We were looking at some old posts on Plutonium Muffins last night and found this one on my first magic ball! The story has continued to develop, so I will enlighten you. Before I get started, though, I want to share some of the wisdom about magic balls so that you can understand them slightly better.
What is a magic ball?
This is updated from my last post, as with two years of experience of saving scraps, I now feel better qualified to talk about them! I always have at least one Magic Ball on the go – I like to leave long tails on my yarn, and it always feels like a waste having to throw that away when a project is done. So, I save the scraps, join them, and off we go.
How do I join them? I tie them. There are so many other methods for joining yarn, and I’ll pop links to tutorials for them below. Most of these would leave a knotless join – however, because of the way in which I use my magic balls, I don’t need the yarn to be knotless.
- Spit splicing (officially “felted join”: only applicable to natural animal fibre yarns)
- Russian join
- Invisible braided join (YouTube)
- Overlapping join
What do you use your magic ball for?
The first one I made – the one referred to in the original post – eventually ended up in my Gigantic Blankie. This is what started the evolution of my magic balls – I realised that by knitting them up into projects with multiple strands, it didn’t matter if there were knots. I originally joined them using the Russian join, which is typically my preferred method of joining yarn as I like the control I get through this method, but it can take a really long time – especially if you are very thrifty with your yarn scraps and they’re short.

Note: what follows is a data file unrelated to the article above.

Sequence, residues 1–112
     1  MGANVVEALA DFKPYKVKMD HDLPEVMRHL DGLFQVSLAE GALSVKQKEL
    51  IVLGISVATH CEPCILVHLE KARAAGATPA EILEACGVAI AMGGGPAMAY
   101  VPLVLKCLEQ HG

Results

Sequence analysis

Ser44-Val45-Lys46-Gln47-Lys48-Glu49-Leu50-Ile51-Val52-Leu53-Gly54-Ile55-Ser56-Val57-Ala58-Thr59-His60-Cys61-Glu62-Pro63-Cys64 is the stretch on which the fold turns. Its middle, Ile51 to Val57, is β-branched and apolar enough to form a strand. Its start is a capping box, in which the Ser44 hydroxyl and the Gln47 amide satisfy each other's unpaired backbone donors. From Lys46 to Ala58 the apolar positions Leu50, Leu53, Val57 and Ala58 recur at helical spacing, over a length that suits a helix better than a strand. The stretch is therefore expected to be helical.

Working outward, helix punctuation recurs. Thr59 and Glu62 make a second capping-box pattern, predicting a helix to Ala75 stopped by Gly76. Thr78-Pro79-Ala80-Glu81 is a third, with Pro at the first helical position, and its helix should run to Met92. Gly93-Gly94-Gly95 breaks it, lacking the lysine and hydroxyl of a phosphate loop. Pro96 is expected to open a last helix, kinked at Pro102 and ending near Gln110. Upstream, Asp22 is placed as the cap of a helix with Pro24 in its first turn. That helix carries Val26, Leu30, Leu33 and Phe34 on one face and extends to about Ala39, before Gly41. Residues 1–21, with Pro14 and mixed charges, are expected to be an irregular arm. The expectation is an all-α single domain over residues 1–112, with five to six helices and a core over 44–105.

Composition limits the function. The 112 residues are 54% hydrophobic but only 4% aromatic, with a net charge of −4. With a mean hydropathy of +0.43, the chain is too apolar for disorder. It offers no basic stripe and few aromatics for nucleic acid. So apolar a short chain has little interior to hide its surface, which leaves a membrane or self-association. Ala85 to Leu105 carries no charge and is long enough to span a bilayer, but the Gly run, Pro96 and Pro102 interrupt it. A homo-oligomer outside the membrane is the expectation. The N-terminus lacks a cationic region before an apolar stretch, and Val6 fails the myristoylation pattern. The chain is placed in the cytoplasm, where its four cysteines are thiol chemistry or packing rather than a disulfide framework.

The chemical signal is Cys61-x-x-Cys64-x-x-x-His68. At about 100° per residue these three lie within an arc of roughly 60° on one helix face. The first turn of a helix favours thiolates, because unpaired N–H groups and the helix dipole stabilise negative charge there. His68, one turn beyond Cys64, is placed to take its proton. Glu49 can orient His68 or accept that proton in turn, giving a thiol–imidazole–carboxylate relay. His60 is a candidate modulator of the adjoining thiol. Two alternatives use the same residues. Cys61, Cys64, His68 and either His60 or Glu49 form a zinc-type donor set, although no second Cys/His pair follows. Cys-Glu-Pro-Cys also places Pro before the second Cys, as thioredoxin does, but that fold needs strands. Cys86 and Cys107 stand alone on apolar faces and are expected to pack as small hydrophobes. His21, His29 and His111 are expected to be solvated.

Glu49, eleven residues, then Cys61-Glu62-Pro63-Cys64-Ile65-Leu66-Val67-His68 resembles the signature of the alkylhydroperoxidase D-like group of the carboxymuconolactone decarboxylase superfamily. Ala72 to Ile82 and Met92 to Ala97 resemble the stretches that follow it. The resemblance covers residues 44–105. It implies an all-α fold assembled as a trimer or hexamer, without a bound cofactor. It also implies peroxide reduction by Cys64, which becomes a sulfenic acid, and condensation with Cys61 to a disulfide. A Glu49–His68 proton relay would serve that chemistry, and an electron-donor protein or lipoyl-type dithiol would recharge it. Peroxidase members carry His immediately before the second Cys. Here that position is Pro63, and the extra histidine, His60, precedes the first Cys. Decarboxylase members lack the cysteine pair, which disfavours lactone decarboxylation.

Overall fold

I now just tie them. Simple, easy and given the end use, it causes no problems with respect to the knots in the fabric. It should be noted that the Gigantic Blankie is now Tonks’ bed, but that is more because she chose it, rather than for any other reason!
Using the yarn in this way also means that if I get any ‘unwanted’ yarn – i.e. samples with magazines, single skeins of something that don’t fit in with my plans or just purchases made on the spur of the moment, I can just tie it into my magic ball and knit on the blanket.
At the moment we have a magic ball sitting in our lounge – it weighs 4 kg and is much, much larger than my head. I just need to get my needles out and I can get going on knitting it up!
Thoughts? Comments? Concerns?
Great idea to use up your ends! I try and keep mine short so it would not help me, but, I really like the idea of using up odd balls, things you are given and so on in this way, that is an idea I could use for sure! Making blankets is a fantastic use for the “contents”? of your ball too! xx